I remember having this kind of courage back in 1996, when I was too sick to consider any alternatives. We had a show. I wanted it up. Everyone around me, just out of sheer love for me, knowing that the deadline was upon us -- by that point, I was a walking skeleton -- they made it happen. Because they wanted to make it happen for me.

But not just because I was dying. But because I was a true believer. I believed so much in this score -- in this set of songs. They came out of me in an almost supernatural way. Many of them, by the way, came to me in the apartment of jazz and classical legend, Stan Freeman, who was an old friend of Jim's. Stan gave me use of his piano when he was in New York doing a Marlene Dietrich play -- where he played himself. (Stan used to conduct for Marlene.)

I knew these songs were real. I knew they were meaningful. And I loved the play Jim wrapped around them, which is the only reason anyone ever gave them a listen. It was a reflection of my life. It was filled with conversations I'd had. People I knew. And it had/HAS a dose of Vaudeville that keeps the audience laughing through the tears. It's also what makes it theater instead of a concert.

Yes, I can do the "Living in the Bonus Round" concert, complete with all the back-stories of how the songs were written, etc. etc. But I have to be there for that. I don't know how many years I have left to go on this planet. No one does. (BTW, I'm going to be performing some "Bonus Round" pop-up concerts this coming year. I have no idea, at this time, where or when or with whom. I'll try to let you know.)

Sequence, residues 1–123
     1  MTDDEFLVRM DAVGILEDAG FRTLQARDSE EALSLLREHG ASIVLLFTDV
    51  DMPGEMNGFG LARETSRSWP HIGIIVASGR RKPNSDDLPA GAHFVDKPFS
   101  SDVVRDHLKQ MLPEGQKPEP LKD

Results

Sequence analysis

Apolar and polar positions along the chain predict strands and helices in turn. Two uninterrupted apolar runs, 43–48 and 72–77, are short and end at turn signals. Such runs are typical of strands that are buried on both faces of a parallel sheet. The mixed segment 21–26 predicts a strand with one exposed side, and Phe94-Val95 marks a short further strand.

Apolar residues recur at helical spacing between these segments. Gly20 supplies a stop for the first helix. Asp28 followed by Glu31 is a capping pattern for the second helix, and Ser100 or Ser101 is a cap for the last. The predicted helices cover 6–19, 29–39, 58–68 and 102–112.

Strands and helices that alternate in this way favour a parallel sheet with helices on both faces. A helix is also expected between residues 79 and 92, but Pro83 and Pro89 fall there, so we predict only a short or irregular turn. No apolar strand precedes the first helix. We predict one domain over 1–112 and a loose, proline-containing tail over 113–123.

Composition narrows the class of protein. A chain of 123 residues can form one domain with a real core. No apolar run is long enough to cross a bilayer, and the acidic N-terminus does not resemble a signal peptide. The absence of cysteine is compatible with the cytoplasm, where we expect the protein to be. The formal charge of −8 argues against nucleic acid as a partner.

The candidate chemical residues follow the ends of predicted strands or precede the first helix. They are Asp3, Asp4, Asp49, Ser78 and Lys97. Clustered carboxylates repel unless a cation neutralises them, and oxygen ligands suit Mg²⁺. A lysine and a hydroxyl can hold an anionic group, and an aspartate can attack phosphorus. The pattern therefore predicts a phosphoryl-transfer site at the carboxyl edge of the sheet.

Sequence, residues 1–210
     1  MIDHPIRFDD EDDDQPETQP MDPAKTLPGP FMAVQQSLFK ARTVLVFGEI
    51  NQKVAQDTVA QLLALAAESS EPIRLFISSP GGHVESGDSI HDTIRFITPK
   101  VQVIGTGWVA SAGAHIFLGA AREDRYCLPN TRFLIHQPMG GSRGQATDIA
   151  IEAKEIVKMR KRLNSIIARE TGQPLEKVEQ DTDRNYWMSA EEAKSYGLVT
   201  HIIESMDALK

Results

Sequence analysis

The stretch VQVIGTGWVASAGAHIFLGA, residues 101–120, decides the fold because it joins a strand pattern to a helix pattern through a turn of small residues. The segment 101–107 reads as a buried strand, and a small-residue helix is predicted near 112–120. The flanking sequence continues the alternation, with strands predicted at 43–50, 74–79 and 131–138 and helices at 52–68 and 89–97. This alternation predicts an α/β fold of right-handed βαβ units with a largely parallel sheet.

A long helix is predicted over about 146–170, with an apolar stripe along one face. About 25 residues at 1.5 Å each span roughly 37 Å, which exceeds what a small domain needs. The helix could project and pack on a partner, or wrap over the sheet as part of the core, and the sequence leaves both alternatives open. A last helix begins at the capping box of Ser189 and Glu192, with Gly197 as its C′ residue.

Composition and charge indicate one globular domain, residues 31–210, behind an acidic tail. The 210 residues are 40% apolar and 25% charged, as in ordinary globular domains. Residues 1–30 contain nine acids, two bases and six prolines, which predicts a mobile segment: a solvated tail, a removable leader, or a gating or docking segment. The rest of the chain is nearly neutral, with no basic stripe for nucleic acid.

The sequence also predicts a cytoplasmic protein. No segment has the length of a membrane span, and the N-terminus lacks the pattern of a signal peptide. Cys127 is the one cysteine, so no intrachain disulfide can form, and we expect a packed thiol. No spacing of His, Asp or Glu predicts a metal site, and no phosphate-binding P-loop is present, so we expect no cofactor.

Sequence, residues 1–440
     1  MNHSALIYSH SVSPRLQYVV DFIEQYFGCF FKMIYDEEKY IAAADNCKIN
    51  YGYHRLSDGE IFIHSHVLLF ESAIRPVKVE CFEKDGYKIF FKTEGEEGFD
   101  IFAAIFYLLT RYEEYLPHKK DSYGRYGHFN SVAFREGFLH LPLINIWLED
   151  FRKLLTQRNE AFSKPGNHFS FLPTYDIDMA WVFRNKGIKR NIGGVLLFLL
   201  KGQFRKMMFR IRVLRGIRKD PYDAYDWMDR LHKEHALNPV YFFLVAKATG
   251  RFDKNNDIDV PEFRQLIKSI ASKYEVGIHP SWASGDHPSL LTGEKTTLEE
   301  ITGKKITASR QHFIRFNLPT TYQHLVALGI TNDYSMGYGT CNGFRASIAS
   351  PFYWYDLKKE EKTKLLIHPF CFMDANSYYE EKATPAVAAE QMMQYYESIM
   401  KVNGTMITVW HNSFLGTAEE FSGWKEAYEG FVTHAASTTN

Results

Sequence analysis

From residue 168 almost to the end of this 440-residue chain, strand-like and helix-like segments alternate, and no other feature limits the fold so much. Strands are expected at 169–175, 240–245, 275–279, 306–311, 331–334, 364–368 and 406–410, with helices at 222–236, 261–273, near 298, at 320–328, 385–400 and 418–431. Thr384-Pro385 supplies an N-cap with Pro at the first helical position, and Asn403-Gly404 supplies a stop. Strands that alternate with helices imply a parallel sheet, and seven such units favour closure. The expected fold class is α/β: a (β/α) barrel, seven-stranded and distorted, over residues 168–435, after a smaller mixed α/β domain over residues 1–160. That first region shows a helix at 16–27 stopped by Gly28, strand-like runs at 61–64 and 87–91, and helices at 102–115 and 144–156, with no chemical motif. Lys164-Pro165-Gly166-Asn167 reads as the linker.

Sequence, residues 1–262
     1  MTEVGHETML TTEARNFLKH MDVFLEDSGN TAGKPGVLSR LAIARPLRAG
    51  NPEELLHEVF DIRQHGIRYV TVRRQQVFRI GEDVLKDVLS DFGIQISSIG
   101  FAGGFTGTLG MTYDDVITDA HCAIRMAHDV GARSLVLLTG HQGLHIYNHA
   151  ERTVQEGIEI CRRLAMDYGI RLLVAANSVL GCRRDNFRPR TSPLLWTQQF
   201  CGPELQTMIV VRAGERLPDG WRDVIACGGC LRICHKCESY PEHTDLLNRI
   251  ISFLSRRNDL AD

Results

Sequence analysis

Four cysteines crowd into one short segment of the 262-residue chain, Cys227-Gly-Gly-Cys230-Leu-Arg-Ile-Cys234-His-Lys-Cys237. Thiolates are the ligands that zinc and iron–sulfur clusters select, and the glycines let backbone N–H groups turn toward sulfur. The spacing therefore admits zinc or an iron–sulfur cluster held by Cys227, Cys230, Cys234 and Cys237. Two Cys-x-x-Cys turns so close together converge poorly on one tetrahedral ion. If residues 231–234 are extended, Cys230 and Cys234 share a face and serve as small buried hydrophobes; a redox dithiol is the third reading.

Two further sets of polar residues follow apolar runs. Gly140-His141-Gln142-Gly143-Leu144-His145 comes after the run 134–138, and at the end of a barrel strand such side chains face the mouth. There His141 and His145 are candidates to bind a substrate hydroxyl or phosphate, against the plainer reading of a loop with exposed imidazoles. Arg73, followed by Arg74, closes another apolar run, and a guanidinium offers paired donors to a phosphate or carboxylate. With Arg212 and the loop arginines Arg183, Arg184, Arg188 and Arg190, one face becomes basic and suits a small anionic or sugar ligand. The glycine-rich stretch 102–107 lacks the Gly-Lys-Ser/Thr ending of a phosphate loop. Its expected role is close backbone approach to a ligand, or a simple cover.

So we -- all of us -- gave ourselves permission to believe that this was Hamlet. Or Gone With The Wind. And we went for it. Why not? I had no time left to do anything else.

And maybe that's what Living in the Bonus Round means. That really, anything is possible, but it starts with courage and taking those steps to make it happen. I mean, honestly. We are all capable of so much.

If you find Chris interesting, check out this longer interview:

Saturday, January 05, 2013

2012: First Thoughts.

When I sat down to write this, I had meant to write 2013: First Thoughts. Instead, even though I saw all those Internet reminders about practicing to write 13, I wrote 12. So, this is officially a pre-statement. Like Issue 0, to put it in comic book terms. It's 4am. The only sound is the cat snoring, the barely noticeable traffic outside. Even in New York, 3am is 3am.

I've been quiet over the holidays here on this blog because someone I know in my private life, a family member, is facing a life or death situation, though the prognosis is hopeful and all signs are positive. And I just haven't felt like talking much.

So, my first thought is that it's nice, sometimes, to just be quiet. Even in a world where blog posts and Tweets and Facebook streams are constant.

2012 was a big year for me for several reasons, not just because my longtime dream of getting a London production of The Last Session came true (thanks, Rob Harris), but because the producers let me hang out with the actors and production team. Like a family member or a mascot. I liked that! How awful if I had had to just sit in the back and be all aloof, like they do in the movies. Wear a monocle.